That is not so. Smith didn't know that the BofM's did syntax was old-fashioned English. Take "it supposeth me". Only by fortuitous analogy could Smith have produced it. He had no evidence that the simple dative was used with this verb. He knew about simple dative forms from the KJB, but he also knew that many verbs didn't use the simple dative. Also, take "counsel" = 'consult'. Only by chance could Smith have used it with that meaning in the text. He didn't know it had been used with that meaning in the 16c. There are many mutually supportive lexical items. There are many mutually supportive syntactic items that could have been appropriately used only by fortuitous analogy. There are many mutually supportive syntactic systems in the BofM. So Anglin, what you accept is improbable analogical bull's-eyes 100 times over and more. And in the case of vocabulary you accept that dozens of apparently obsolete words were in Smith's dialect, or that he made dozens of lucky hits in meaning. The probability of either view is very low.

This is not the place for the exemplar-based evidence that gives a fairly comprehensive picture of eModE in the BofM. Also, what do you think of a non-physicist who calls an evidence-based theory of fundamental physics ridiculous? You don't have the background to make a similar claim with any degree of confidence about the BofM. Yet you do it anyway because of your strong bias. You are more biased than virtually every Mormon about this matter. But your claim must be summarily rejected not because of your prejudice, but because of your lack of knowledge.

Take the did syntax evidence which you have briefly considered. You know that hundreds of thousands of new books were published without 16c did syntax patterns between the last new book that had it (probably in the 1670s) and the BofM. You know that as a non-expert Smith didn't know about heavy did usage. He didn't know that it had been English usage for about a century in the Early Modern period. You know that it wasn't derivable from the KJB, the Bible he read. All he knew from that text was that the translators didn't like to use the word "ate", so they used "did eat" most of the time. So yes, Smith could have used did at a 30% rate, because the emphatic use was in his language and it is conceivable that he could have made an analogical leap from "did eat", but the probability of that is low because no one else did it in his time and no one had done it since the 1600s. However, Smith not only did that, he also made a fortuitous hit in the syntactic distribution as studied by Ellegard (1953), and he also made a fortuitous hit in using it heavily with certain verbs that used it heavily in the Early Modern period, and in using it lightly with certain verbs that used it lightly in the Early Modern period. All this makes the p value of this particular part of the BofM quite low. Thus did syntax, running through the whole text, can be viewed as a foundational item, supported by hundreds of other linguistic features in the text, including other syntactic systems, syntax, morphosyntax, and lexis which match identifiable Early Modern usage and do not match modern usage.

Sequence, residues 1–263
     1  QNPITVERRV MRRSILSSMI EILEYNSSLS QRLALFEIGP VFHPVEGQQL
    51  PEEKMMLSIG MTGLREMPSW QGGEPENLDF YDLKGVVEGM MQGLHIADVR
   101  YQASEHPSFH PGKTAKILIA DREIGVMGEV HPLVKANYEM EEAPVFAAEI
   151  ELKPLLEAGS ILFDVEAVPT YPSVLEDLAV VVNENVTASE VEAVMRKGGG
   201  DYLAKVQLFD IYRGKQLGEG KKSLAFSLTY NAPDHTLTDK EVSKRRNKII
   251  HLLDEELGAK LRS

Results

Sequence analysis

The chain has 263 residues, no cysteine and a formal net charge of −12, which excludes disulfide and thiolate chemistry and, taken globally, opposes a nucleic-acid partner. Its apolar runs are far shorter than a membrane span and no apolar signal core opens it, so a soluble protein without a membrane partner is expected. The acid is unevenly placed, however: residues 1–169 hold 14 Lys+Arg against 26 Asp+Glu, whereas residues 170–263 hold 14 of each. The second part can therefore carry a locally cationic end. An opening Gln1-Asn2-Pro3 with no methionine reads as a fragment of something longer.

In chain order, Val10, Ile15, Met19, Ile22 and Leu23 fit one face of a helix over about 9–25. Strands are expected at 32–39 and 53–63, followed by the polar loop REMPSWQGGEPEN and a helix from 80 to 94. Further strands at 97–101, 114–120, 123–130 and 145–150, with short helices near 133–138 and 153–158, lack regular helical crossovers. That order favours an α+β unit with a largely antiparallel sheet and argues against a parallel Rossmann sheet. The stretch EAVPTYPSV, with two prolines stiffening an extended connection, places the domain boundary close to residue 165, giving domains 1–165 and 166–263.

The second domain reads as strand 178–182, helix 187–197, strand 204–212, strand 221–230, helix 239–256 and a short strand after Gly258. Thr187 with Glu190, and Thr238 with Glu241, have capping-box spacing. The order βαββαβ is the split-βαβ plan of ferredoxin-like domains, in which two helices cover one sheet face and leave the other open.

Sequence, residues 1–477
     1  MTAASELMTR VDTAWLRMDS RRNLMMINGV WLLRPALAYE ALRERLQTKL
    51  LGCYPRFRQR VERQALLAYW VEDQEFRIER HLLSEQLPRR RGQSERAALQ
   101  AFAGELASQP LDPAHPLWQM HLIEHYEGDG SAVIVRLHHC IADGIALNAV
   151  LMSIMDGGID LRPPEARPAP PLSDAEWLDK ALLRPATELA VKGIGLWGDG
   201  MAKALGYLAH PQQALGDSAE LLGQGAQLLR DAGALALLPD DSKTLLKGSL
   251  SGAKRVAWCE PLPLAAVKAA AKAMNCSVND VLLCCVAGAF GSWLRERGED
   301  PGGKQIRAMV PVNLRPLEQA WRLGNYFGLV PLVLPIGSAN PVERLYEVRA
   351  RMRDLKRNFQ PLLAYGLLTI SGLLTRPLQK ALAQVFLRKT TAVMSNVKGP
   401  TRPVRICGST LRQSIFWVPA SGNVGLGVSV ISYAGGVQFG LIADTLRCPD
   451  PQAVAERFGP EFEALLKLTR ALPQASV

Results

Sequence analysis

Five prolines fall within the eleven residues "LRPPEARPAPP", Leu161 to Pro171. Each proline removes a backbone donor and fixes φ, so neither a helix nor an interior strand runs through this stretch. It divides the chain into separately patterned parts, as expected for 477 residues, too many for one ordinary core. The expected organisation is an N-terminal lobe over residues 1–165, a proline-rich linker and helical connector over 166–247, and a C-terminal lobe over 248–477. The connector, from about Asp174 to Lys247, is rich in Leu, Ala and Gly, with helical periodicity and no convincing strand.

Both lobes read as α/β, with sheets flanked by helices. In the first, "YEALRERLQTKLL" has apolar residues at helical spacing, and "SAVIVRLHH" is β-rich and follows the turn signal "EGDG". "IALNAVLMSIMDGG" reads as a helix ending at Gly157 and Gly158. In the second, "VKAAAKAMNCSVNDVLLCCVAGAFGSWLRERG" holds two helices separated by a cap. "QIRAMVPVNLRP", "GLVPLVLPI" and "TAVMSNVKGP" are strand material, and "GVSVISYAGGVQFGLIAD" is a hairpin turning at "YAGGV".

Glenn Thigpen said...

@James Anglin

All of your assertions are empty rhetoric, devoid of the slightest attempt to provide any references. Your accusations of an appeal to authority are inapt. It is not an appeal to authority when using experts in a field to cite references. Of course, your appeal to authority is fine, especially since you are quoting are referencing OrbitingKolob for your authority.

The references that have been cited provide data that can be evaluated, quantified, analyzed if you wish to refute them. The arguments for the EmodE heightened frequency in the Book of Mormon and the EmodE that is found in the Book of Mormon but in no other documents that would have been accessible to Joseph is not ridiculous, but the assertions without evidence in rebuttal certainly are.

So you may exert this discussion declaring victory, and Orbiting Kolob may cheer you on, but you have provided me nothing to even try to refute. No citations, No evidence. No examples. Sounds a bit like Baghdad Bob to me.


Anonymous said...

And still....no one here can tell me why God put 16th Century English in a translation created in the 19th Century of an ancient American record. Until someone can even begin to propose an intelligent answer to this question, all of this is complete and utter nonsense. It is nothing more than extremely intelligent people using their amazing intelligence to say nothing of any significance at all.

Was Joseph Smith channeling a dead 16th Century Englishman through the seerstone? Is God a 16th Century Englishman?

Please...someone...make some sense of this!

Anonymous said...

"The non-KJV eModE in the BofM harmonizes with the KJV-style eModE in the BofM. Given the presence of bulk biblical passages (containing some nonbiblical eModE tweaks) and the extensive interweaving of KJV phrases in the BofM text, it makes sense that adjacent BofM language is what might be called broad eModE (the earliest text [2009 Yale ed.] certainly gives the reader a wider glimpse of eModE usage than the KJV does). KJV language is essentially narrow eModE, restricted in various usage patterns. It does not give readers examples of quite a few usage possibilities and tendencies of the Early Modern period. If the BofM text went from narrow biblical eModE to modern English over and over, then the text would be less consistent in form and less fluid."

James Anglin said...

I will say no more about Book of Mormon grammar. I am not claiming victory, but confessing exhaustion.

I did happen to look up a bit more about Stanford Carmack and Royal Skousen, and learned some interesting things about Skousen.